The Milbank Memorial Fund is an endowed operating foundation that publishes The Milbank Quarterly, commissions projects, and convenes state health policy decision makers on issues they identify as important to population health.
We focus on a number of topic areas identified by state health policy leaders as important to population health.
The Center for Evidence-based Policy at Oregon Health & Science University is a national leader in evidence-based decision making and policy design.
Keep up with news and updates from the Milbank Memorial Fund. Get the latest from thought leaders, including Christopher F. Koller, president of the Fund.
We publish The Milbank Quarterly, as well as reports, issues briefs, and case studies on topics important to population health.
December 2011 (Volume 89)
December 2011 | George Silberman, Katherine L. Kahn
Context: Federal regulations mandate independent review and approval by an “institutional review board” (IRB) before studies that involve human research subjects may begin. Although many researchers strongly support the need for IRB review, they also contend that it is burdensome when it imposes costs that do not add to the protections afforded to research participants and that this burden threatens the viability of research. The U.S. Department of Health and Human Services recently announced its intention to reform the regulations governing IRB review.
Methods: We used a search of the PubMed database, supplemented by a bibliographic review, to identify all existing primary data on the costs of IRB review. “Costs” were broadly defined to include both expenditures of time or money and constraints imposed on the scope of the research. Burdensome costs were limited to those that did not contribute to greater protections for the participants.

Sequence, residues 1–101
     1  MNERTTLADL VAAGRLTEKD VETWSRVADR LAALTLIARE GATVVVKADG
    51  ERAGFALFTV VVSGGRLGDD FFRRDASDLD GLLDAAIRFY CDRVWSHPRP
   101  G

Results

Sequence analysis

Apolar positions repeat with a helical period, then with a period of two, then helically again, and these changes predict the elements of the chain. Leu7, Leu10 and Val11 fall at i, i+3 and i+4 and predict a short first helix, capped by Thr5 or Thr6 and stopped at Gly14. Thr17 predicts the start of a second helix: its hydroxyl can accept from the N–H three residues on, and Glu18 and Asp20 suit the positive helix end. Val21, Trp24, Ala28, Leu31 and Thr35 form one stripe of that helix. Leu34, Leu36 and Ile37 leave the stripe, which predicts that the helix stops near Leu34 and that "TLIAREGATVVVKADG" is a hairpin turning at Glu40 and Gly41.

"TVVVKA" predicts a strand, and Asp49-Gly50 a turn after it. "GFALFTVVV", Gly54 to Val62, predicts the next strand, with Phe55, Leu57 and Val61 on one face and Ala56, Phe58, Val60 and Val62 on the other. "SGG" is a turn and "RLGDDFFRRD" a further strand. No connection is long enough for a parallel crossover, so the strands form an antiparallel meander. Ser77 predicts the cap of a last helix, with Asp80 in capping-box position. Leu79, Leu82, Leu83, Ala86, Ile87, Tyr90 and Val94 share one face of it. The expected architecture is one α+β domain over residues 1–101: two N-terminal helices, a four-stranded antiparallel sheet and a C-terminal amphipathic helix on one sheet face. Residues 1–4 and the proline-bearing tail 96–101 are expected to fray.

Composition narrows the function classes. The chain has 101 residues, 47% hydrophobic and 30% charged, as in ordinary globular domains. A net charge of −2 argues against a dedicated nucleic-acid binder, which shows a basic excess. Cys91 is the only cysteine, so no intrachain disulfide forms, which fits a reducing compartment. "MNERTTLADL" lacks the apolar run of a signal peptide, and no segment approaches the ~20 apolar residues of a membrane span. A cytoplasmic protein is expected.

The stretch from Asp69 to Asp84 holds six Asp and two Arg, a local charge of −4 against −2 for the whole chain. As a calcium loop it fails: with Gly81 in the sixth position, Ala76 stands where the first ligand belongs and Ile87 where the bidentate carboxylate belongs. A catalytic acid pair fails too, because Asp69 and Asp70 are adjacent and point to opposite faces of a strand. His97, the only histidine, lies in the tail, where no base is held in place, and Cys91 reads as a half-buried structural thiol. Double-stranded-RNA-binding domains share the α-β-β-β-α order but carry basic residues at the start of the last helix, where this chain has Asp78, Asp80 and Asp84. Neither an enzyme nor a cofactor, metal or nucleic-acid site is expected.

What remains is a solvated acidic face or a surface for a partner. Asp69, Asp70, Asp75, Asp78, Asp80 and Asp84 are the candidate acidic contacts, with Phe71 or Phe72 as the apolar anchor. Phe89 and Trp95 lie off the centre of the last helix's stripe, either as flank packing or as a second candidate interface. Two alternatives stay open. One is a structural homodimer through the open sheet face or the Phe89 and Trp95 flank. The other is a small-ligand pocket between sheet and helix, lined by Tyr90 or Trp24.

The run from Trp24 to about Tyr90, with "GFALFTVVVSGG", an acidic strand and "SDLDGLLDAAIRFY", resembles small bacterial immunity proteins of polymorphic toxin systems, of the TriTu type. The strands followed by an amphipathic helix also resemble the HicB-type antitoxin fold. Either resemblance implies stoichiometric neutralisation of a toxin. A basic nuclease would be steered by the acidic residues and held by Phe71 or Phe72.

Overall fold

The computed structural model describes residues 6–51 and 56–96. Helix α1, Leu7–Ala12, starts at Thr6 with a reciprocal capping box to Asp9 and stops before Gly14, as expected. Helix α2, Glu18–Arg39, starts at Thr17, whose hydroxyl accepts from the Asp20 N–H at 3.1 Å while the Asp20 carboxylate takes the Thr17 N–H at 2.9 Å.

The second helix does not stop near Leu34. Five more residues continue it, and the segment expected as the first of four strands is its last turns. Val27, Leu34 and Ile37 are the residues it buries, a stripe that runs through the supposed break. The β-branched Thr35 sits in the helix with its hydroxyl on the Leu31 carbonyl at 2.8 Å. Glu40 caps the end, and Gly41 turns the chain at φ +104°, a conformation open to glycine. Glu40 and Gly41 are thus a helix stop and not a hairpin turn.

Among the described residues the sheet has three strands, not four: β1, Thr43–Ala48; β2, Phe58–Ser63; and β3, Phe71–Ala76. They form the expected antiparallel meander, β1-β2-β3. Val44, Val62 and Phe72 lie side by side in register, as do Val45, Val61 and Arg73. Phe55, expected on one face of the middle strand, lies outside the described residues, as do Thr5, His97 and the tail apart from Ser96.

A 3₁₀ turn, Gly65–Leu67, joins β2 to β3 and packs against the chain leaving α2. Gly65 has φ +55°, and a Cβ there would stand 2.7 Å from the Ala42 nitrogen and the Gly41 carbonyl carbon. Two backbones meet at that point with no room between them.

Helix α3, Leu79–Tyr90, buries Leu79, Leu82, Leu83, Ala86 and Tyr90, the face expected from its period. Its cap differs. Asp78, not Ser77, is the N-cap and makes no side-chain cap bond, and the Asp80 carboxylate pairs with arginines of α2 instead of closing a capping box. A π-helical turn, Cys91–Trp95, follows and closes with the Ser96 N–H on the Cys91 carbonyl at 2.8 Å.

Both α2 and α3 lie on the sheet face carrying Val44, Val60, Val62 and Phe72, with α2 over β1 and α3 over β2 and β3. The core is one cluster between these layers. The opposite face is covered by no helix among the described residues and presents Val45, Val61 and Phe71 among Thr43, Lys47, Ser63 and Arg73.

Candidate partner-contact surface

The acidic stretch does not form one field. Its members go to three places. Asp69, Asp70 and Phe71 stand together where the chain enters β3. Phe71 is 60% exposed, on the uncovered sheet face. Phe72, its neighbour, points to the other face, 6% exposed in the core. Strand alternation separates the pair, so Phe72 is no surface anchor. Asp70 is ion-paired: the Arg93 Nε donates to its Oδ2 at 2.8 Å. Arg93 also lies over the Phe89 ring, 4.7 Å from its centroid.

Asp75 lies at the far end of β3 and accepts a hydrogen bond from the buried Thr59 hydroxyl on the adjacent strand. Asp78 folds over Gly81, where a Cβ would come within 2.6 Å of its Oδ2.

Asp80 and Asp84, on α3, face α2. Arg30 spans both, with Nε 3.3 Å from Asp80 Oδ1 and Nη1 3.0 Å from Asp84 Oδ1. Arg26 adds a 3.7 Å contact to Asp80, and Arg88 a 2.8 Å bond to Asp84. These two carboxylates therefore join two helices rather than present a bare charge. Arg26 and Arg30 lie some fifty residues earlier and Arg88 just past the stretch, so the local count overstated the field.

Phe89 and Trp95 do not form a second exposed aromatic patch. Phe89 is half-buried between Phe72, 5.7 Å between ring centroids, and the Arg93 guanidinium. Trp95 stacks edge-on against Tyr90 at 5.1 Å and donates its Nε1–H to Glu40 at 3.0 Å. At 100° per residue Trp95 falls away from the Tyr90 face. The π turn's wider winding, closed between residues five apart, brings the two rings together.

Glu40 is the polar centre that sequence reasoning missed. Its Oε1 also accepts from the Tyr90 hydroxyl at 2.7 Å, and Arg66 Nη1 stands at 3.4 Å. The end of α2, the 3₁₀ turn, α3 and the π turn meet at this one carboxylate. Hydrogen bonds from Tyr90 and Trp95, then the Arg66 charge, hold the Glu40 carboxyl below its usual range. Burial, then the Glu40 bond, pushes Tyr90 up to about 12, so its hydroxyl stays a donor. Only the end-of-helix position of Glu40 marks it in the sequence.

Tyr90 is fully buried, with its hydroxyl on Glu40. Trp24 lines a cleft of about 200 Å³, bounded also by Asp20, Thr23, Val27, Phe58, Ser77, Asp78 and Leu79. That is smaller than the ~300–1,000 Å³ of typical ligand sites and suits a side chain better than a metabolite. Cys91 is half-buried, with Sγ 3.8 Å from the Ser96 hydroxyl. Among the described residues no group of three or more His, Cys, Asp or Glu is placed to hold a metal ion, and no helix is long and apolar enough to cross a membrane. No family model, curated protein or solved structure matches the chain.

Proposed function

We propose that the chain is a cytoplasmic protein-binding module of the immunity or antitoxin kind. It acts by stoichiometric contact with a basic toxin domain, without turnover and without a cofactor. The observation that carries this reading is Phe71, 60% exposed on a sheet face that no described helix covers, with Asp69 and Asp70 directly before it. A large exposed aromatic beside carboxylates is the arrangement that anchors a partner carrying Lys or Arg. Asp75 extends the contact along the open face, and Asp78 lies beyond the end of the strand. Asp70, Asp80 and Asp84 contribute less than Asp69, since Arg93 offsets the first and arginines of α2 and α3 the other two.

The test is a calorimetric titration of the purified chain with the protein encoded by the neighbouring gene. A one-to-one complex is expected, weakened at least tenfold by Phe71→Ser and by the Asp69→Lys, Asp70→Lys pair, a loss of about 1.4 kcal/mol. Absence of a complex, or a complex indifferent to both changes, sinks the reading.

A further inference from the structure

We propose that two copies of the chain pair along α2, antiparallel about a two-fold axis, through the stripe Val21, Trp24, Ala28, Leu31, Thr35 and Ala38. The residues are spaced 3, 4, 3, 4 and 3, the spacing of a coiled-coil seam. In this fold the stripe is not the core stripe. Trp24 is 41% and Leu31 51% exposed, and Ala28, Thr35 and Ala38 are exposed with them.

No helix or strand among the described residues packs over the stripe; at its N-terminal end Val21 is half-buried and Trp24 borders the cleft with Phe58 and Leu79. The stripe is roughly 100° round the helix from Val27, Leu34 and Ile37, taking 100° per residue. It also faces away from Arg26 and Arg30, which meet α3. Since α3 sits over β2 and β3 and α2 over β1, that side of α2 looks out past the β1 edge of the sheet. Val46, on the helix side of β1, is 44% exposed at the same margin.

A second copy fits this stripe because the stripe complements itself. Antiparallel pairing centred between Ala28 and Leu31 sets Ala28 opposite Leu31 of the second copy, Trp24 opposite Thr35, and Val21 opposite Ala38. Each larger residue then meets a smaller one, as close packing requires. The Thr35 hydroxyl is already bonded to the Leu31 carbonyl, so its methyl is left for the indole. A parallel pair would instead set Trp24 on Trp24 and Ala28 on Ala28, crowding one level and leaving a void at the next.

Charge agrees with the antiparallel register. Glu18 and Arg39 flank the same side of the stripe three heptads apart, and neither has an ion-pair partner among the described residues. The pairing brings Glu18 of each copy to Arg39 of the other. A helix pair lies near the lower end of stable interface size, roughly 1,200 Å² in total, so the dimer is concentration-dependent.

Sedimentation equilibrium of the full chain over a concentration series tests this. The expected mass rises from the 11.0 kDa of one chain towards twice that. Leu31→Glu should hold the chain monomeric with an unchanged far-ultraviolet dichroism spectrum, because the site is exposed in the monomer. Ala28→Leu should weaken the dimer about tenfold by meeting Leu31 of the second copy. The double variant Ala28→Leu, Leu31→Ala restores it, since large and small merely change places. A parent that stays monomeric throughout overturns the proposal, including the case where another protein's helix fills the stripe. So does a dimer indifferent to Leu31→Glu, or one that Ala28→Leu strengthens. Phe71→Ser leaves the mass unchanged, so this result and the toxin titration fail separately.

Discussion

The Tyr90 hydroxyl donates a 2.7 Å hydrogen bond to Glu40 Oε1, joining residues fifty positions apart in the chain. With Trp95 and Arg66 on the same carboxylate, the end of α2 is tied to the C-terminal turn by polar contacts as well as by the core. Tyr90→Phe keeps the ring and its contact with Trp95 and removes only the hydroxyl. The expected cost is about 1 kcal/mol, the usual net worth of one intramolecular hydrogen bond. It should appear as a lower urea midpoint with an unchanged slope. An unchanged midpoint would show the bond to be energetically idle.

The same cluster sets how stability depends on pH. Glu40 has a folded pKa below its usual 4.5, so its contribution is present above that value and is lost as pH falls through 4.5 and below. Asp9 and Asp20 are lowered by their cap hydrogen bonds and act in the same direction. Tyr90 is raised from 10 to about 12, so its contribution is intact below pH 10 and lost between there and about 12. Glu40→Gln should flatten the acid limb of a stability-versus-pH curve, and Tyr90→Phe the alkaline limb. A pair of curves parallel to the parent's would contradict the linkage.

Findings: Evidence from a total of fifty-two studies shows that IRBs operate at different levels of efficiency; that waiting to obtain IRB approval has, in some instances, delayed project initiation; that IRBs presented with identical protocols sometimes asked for different and even competing revisions; and that some decisions made (and positions held) by IRBs are not in accord with federal policy guidance.
Conclusions: While the evidence is sufficient to conclude that there is burden associated with IRB review, it is too limited to allow for valid estimates of its magnitude or to serve as the basis for formulating policies on IRB reform. The single exception is multicenter research, for which we found that review by several local IRBs is likely to be burdensome. No mechanism currently exists at the national level to gather systematic evidence on the intersection between research and IRB review. This gap is of concern in light of the changing nature of research and the increasingly important role that research is envisioned to play in improving the overall quality of health care.
Author(s): George Silberman; Katherine L. Kahn
Keywords: institutional review board; clinical trials; research ethics; government regulations; research costs
Read on Wiley Online Library
Read on JSTOR
Volume 89, Issue 4 (pages 599–627)
Published in 2011
The Checkered History of American Psychiatric Epidemiology
Galvanizers, Guides, Champions, and Shields: The Many Ways That Policymakers Use Public Health Researchers